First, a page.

Effective, safe glycemic control is a global priority because uncontrolled diabetes contributes to a substantial burden of morbidity and mortality related to chronic kidney disease (CKD), ESKD, and cardiovascular disease (CVD) (1, 2). However, achieving this goal in patients with advanced kidney disease is complicated by evolving safety recommendations and contraindications to several existing antihyperglycemic medications when kidney function is substantially impaired (2). Amid robust evidence for inhibition of the renin-angiotensin system as the mainstay of managing diabetic kidney disease and growing attention to the significant cardiovascular, kidney, and survival benefits of sodium glucose cotransporter 2 inhibitors, the important role of metformin should not be forgotten (1, 3, 4).
The therapeutic efficacy of metformin, its 60-plus-years history of use, and its relatively strong safety profile, low cost, and weight neutrality render it a first-line antiglycemic agent by European and U.S. guidelines (Figure 1) (5, 6). Metformin is a biguanide recognized for its important role in improving glycemic control through mechanisms distinctly different from those of insulin, sulfonylureas, glucagon-like peptide-1 agonists, dipeptidyl peptidase-4 inhibitors, and sodium glucose co-transporter 2 inhibitors. Our understanding of the mechanisms of action of metformin remains incomplete, although its antiglycemic effects occur primarily through enhanced insulin sensitivity and decreased gluconeogenesis by mitochondrial inhibition and increased activation of AMP-kinase (7, 8).
Bolstered by evidence regarding the long-term cardiovascular, diabetes-related, and survival benefits of metformin therapy, the American Diabetes Association (ADA) 2019 guidelines recommend consideration of metformin for the prevention of type 2 diabetes in individuals with prediabetes, especially in those older than 60 years, those with body mass index >35, and women with a history of gestational diabetes (9). Moreover, metformin continues to be the ADA’s preferred initial agent for the treatment of type 2 diabetes as long as it is well tolerated and not contraindicated.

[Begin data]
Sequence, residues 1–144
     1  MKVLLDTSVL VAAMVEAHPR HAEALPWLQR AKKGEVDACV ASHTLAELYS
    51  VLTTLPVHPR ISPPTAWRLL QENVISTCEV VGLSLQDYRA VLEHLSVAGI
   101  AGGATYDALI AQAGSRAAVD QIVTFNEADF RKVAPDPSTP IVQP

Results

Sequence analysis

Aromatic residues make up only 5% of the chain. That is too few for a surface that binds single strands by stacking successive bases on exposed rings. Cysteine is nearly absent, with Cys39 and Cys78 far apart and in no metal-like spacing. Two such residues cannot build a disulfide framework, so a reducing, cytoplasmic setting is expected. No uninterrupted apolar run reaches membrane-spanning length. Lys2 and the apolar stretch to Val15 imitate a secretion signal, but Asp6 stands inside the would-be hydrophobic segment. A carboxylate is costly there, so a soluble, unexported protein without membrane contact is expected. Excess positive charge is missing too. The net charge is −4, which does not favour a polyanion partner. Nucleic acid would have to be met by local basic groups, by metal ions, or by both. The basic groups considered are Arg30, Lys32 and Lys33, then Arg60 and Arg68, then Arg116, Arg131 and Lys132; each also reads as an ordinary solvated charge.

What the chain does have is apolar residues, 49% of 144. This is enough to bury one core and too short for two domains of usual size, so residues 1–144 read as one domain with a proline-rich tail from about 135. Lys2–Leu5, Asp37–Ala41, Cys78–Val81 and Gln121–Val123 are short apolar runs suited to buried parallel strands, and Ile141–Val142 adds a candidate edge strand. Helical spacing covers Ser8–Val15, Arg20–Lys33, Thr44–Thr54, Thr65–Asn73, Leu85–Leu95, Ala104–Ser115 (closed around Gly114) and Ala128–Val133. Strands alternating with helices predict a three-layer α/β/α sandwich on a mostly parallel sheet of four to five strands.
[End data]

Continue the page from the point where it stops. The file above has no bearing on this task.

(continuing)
When metformin is used as a single agent, the average hemoglobin A1c reduction associated with it ranges from 1% to 1.5%. In addition, important longer-term benefits of metformin in reducing cardiovascular risk date back to compelling data from the UK Prospective Diabetes Study (UKPDS) (8). Metformin significantly reduced the risk for any diabetes-related endpoint, diabetes-related mortality, and all-cause mortality in obese individuals with newly diagnosed type 2 diabetes when it was compared with conventional therapy (with dietary control) alone (8). Although additional studies are needed to 1) understand the effects of metformin in combination with sulfonylureas and 2) better understand the impact of metformin in non-U.S. and European populations, the long-term effects of metformin are robust. For example, the 10-year follow-up of the metformin group in UKPDS showed that significant reductions persisted for diabetes-related endpoints, death of any cause, and myocardial infarction (10). Finally, metformin continues to be studied for its potential pleiotropic benefits, including antineoplastic effects mediated by AMP-kinase–dependent and independent inhibition of mTOR, treatment of polycystic ovary syndrome, attenuated atherosclerosis and vascular senescence as demonstrated in mouse models, and lipid-lowering and anti-inflammatory effects (2, 11).
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Chowdhury TA, et al.. Could metformin be used in patients with diabetes and advanced chronic kidney disease? Diabetes Obes Metab 2017; 19:156–161.
Hung SC, et al.. Metformin use and mortality in patients with advanced chronic kidney disease: national, retrospective, observational, cohort study. Lancet Diabetes Endocrinol 2015; 3:605–614.
An H, He L. Current understanding of metformin effect on the control of hyperglycemia in diabetes. J Endocrinol 2016; 228:R97–R106.
Intensive blood-glucose control with sulphonylureas or insulin compared with conventional treatment and risk of complications in patients with type 2 diabetes (UKPDS 33). UK Prospective Diabetes Study (UKPDS) Group. Lancet 1998; 352:837–853.
Holman RR, et al.. 10-year follow-up of intensive glucose control in type 2 diabetes. N Engl J Med 2008; 359:1577–1589.
Inzucchi SE, et al.. Metformin in patients with type 2 diabetes and kidney disease: A systematic review. JAMA 2014; 312:2668–2675.
Eurich DT, et al.. Comparative safety and effectiveness of metformin in patients with diabetes mellitus and heart failure. Circ Heart Fail 2013; 6:395–402.